Hey Vegans! Consider the Oyster

It’s okay to eat fish; ‘Cause they don’t have any feelings –Nirvana

Back in the early 1990s, when rock band Nirvana was at the threshold stage of their colossal but short career, this particular sentiment on the closing song of their hit album “Nevermind” had a certain resonance with the ethical grunge set. I recall, it was often intoned and repeated by fans and those who had a hunger for fish tacos but didn’t want to take the ethical hit of eating an animal with actual feelings. The factual basis of this claim, that fish are devoid of feelings, is shoddy science/research at best, but was faithfully perpetuated by hungry grunge acolytes looking to latch onto some sort of lazy epicurean philosophy.

I was reminded of this refrain when I stumbled upon Christopher Cox’s ethical musing on whether or not it was acceptable to eat oysters, particularly for vegans. I know what you are thinking, isn’t the dictionary definition of vegan being someone who refrains from consuming any animal product? Well, by definition yes, but Cox breaks down his personal vegan rationale to two distinct points: “Raising animals for food 1) destroys the planet and 2) causes those animals to suffer.”

While this may not exactly define every vegan’s (or vegetarian‘s) raison d’etre, it does seem to provide a cursory perspective for a somewhat stringent lifestyle. So as these rules apply, the humble oyster gets a pass, and is therefore afforded a place on the vegan dinner table next to the marinated tempeh and grilled zucchini.

Oysters, unlike other factory-farmed animals like cows and pigs, actually thrive in the factory farm (or in this case aqua farm) setting. Oyster farms account for about 95 percent of all oyster production and have minimal environmental impact on the surrounding ecology. No forests are cleared for oysters, no fertilizer is needed, and no grain goes to waste to feed them–they have a diet of simple plankton. Actually, oyster farms are often utilized to clean up polluted waterways, as the oyster is essentially a natural-born filter well suited to the job of cleaning contaminated rivers and bays. Fundamentally, oysters and oyster farming are actually, to some extent, beneficial for the planet.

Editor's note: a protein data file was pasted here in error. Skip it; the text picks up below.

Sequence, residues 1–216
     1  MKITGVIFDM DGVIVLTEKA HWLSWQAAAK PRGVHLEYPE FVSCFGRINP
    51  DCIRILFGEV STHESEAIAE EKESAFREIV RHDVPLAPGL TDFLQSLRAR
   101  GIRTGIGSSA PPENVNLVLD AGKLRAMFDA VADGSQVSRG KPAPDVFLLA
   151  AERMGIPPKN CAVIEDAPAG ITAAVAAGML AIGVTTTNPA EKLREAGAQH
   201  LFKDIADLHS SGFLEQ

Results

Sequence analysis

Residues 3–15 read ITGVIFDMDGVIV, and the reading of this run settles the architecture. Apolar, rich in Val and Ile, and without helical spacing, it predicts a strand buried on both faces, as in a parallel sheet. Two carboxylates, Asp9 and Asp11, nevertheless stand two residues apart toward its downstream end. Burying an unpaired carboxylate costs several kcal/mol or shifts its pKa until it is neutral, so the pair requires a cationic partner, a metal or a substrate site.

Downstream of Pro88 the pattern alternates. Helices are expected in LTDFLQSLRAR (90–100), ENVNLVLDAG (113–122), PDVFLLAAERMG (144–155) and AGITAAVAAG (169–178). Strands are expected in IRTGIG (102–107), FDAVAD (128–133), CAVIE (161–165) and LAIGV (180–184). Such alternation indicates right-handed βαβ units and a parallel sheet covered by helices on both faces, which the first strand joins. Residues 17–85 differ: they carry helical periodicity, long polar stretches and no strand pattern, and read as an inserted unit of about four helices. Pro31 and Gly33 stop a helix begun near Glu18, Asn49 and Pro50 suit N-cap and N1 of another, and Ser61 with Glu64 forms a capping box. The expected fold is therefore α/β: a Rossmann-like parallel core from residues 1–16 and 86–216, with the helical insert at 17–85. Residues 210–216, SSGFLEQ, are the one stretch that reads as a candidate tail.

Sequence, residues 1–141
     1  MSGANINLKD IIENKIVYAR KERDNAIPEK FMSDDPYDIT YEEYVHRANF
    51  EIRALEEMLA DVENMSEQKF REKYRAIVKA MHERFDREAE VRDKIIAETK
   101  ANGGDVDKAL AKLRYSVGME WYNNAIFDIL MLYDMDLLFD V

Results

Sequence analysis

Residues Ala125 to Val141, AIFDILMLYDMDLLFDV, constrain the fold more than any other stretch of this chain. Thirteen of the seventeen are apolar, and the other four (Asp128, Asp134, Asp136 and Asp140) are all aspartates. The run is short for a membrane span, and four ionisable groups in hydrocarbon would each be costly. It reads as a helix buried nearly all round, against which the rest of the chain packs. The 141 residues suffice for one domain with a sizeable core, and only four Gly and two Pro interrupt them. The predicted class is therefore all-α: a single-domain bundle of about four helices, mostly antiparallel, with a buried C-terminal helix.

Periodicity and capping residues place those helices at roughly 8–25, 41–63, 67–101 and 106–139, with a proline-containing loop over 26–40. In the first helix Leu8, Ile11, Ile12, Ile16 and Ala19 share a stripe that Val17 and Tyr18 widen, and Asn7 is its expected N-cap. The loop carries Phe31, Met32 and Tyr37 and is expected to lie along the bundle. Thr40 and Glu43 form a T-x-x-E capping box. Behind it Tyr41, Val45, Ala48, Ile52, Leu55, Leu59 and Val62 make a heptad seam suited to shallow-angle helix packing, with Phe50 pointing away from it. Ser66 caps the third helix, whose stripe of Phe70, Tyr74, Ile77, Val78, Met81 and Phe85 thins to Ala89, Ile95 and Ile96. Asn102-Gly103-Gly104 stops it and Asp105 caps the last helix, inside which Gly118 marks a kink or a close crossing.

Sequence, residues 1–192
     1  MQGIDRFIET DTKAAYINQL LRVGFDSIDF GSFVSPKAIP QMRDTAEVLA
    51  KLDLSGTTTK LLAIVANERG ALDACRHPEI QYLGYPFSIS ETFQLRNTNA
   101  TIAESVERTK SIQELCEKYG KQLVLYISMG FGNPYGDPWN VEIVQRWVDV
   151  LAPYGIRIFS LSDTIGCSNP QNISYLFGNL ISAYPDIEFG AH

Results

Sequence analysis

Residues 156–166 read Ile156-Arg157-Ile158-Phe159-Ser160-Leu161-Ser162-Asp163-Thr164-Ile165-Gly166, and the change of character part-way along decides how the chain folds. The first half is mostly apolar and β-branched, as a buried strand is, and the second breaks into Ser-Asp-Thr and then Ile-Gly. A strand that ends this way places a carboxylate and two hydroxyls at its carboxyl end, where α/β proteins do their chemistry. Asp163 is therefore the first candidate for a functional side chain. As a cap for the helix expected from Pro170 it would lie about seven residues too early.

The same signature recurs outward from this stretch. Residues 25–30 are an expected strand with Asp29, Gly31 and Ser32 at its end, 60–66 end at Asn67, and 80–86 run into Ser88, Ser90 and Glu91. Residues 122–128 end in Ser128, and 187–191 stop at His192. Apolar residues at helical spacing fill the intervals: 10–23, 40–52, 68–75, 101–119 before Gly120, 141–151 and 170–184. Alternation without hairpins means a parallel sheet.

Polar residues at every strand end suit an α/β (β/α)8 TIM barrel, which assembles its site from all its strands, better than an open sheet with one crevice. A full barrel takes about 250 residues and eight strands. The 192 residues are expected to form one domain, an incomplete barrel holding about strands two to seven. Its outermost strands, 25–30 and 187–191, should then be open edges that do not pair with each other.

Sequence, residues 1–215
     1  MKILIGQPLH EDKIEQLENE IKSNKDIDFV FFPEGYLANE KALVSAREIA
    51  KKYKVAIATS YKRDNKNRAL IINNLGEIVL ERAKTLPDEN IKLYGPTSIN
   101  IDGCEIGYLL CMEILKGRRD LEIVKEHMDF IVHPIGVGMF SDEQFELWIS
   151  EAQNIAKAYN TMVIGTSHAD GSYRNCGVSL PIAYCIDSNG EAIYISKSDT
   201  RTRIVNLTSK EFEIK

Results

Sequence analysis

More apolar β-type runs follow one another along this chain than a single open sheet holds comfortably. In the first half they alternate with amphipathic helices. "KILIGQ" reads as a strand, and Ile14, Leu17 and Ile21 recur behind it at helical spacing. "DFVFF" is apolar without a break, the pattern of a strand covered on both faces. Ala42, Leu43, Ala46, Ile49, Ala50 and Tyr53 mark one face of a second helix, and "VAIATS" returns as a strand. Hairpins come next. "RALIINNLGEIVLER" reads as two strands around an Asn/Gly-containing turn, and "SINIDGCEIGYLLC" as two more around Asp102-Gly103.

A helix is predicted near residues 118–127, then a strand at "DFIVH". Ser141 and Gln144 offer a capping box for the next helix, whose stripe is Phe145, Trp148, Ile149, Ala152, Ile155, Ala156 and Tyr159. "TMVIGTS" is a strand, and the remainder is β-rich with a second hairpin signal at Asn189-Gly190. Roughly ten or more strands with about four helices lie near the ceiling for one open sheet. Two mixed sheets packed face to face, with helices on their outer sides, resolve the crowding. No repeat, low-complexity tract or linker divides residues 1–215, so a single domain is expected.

With this information, we can feel somewhat OK about our reasonably low carbon footprint when it comes to eating oysters, but this is only half the equation, as it doesn’t really address the pain and suffering component of eating a live animal. For anyone that has ever consumed a fresh oyster, the ritual resembles a sort of brutality that is comparatively rare in world of modern eating. First the live oyster is penetrated and bisected with a knife, then it is most often incapacitated and stunned by a spray of lemon juice and then quickly consumed by being slurped down the throat of the consumer in waiting. However, according to Cox, oysters don’t have a central nervous system, which makes them seemingly unable to experience pain in that humans or livestock do. Cox asserts, “Biologically, oysters are not in the plant kingdom, but when it comes to ethical eating, they are almost indistinguishable from plants.”